“Why is the water so calm?” Kate asked between loads. “Is it always like this?”

“Not so far as I’ve heard. According to the navy blokes, it’s never so calm. Whatever the reason, though, it’s all to the good. Makes wading out to the boats easier.”

After the tugboat’s fourth run to the beach, Captain Darrow flashed his running lights. “That’s it,” he announced. “With this lot, we dash for home.”

Kate glanced at her watch. Two ten a.m. There was more than an hour until daylight, and thousands of men still darkened the beach. “I thought we would stay until dawn.”

“The Jerrys would love that.” Darrow snorted.

“I don’t understand.”

“They have guns at Calais. Once it’s light enough for them to see us, they can shell us. Besides, we must be through the tricky part of the route back, the minefield and sandbanks, before the sodding Luftwaffe have enough light to improve their targeting.”

As she digested that, he added, “And never mind the bloody U-boats cruising for targets.”

A bigger ship would’ve made a bigger target. But it also would’ve had a better chance to withstand a hit.

“How do they find us in the dark?”

“The engines stir up something that glows, and it makes a bright trail in the wake. Points directly at the vessel causing it.”

Kate swallowed hard.  “So we need to hope they don’t see us.”

“Nothing more we can do about it.” He shrugged.

The Thames Lady passed the mole with its mass of waiting men and entered the English Channel. Darrow cut off his lights.

Kate stood to look ahead. A hulking shadow, probably a larger ship also running without lights, blocked the stars. Sure enough, it left a bright, glowing trail in its wake. She closed her eyes and clenched her fists.

Don’t see us. Don’t see us. Don’t see us.

She needed a distraction. Without one, repeating that mantra all the way back to England would ratchet up her tensions. Fishing in her pack, she sat down again. “I’m a journalist, Captain Darrow. Consolidated News Union. Do you mind answering some questions?”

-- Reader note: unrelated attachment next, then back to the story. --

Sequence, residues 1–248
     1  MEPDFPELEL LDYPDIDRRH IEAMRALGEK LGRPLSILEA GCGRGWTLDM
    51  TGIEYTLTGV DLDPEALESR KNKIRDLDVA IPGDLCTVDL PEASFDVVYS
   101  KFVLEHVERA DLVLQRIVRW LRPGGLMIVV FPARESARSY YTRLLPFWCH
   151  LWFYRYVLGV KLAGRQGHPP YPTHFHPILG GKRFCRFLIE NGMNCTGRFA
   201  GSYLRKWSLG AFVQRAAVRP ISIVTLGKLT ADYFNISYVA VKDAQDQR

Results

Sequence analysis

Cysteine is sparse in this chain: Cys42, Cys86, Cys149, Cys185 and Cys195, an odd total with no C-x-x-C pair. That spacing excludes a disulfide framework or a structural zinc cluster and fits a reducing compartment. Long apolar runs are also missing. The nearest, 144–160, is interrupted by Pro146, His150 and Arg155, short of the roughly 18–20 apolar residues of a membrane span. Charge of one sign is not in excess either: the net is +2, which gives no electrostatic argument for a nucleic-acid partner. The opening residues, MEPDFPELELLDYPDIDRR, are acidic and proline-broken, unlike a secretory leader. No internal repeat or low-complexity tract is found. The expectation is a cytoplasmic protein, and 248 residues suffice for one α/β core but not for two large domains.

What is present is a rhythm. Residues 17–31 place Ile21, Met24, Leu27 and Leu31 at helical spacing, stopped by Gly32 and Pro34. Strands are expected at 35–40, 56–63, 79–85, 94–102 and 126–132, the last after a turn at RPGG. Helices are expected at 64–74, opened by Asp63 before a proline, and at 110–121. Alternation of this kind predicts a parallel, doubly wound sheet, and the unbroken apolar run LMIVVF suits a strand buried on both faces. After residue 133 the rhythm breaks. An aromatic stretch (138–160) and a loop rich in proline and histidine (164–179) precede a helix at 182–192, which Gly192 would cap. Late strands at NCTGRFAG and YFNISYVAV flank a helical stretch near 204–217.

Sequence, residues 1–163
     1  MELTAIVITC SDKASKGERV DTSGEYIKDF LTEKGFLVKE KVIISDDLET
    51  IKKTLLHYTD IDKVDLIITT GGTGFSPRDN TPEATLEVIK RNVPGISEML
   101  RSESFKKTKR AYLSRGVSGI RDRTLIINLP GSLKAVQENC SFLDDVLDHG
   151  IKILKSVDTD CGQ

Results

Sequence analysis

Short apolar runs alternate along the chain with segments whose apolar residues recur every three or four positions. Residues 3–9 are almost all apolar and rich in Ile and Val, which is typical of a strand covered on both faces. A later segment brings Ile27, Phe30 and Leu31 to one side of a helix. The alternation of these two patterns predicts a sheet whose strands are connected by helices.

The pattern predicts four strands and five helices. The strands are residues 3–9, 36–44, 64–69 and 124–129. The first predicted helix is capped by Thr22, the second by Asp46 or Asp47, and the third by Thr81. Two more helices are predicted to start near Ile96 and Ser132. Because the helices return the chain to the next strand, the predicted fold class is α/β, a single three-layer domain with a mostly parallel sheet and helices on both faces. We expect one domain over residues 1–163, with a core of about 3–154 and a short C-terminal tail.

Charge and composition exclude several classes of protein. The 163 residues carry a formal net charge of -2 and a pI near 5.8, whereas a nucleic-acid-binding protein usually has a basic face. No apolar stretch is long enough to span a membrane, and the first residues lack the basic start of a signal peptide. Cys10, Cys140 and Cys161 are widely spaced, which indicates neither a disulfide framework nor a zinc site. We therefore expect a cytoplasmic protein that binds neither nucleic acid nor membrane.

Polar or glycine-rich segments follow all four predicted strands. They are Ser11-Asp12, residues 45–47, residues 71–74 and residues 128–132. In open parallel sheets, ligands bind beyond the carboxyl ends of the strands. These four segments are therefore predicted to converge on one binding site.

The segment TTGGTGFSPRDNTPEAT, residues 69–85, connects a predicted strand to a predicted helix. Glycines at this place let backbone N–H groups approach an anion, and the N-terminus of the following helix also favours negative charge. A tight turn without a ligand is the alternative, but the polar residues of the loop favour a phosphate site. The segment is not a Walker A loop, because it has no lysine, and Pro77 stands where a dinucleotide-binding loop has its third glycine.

He shrugged. “Why not?”

“Great. Thanks.” She balanced her pad on her knee and uncapped her fountain pen. “How did you come to join this expedition?”

Another shrug. “Royal Navy said they was looking for anything seaworthy. Wanted to take the Lady and put a navy crew aboard. I told ’em they could give me a sailor or two, but nobody drives this boat but me.”

“So here you are. Is this your first trip, and how does it compare to what you expected?”

“My second. I didn’t expect no flood of men, that’s for certain.”

Kate jotted down his answer in shorthand.

Before she could ask her next question, a faint whine sounded overhead, growing louder, rapidly building into the distinctive shriek of a diving Stuka’s Jericho siren.

Kate froze.

Darrow muttered something that might’ve been sodding blighter. To Kate, he said, “Hang on, miss. Let’s see if I can evade this bloody Jerry.”

This series is available to read on #KindleUnlimited.

Universal Buy Links:   

The Herald of Day
Universal Buy Link

The Steel Rose
Universal Buy Link

The King’s Champion
Universal Buy Link

The Boar King’s Honor Trilogy Links:
Amazon US
Amazon UK
Amazon AU
Amazon CA

Meet Nancy Northcott

Nancy Northcott’s childhood ambition was to grow up and become Wonder Woman.  Around fourth grade, she realized it was too late to acquire Amazon genes, but she still loved comic books, science fiction, fantasy, history, and romance.

Nancy earned her undergraduate degree in history and particularly enjoyed a summer spent studying Tudor and Stuart England at the University of Oxford. She has given presentations on the Wars of the Roses and Richard III to university classes studying Shakespeare’s play about that king. In addition, she has taught college courses on science fiction, fantasy, and society.   

The Boar King’s Honor historical fantasy trilogy combines Nancy’s love of history and magic with her interest in Richard III. She also writes traditional romantic suspense, romantic spy adventures, and two other speculative fiction series, the Light Mage Wars paranormal romances and, with Jeanne Adams, the Outcast Station space mystery series.

Connect with Nancy

Book Bub:
Amazon Author Page:

Leave a Reply

Your email address will not be published. Required fields are marked *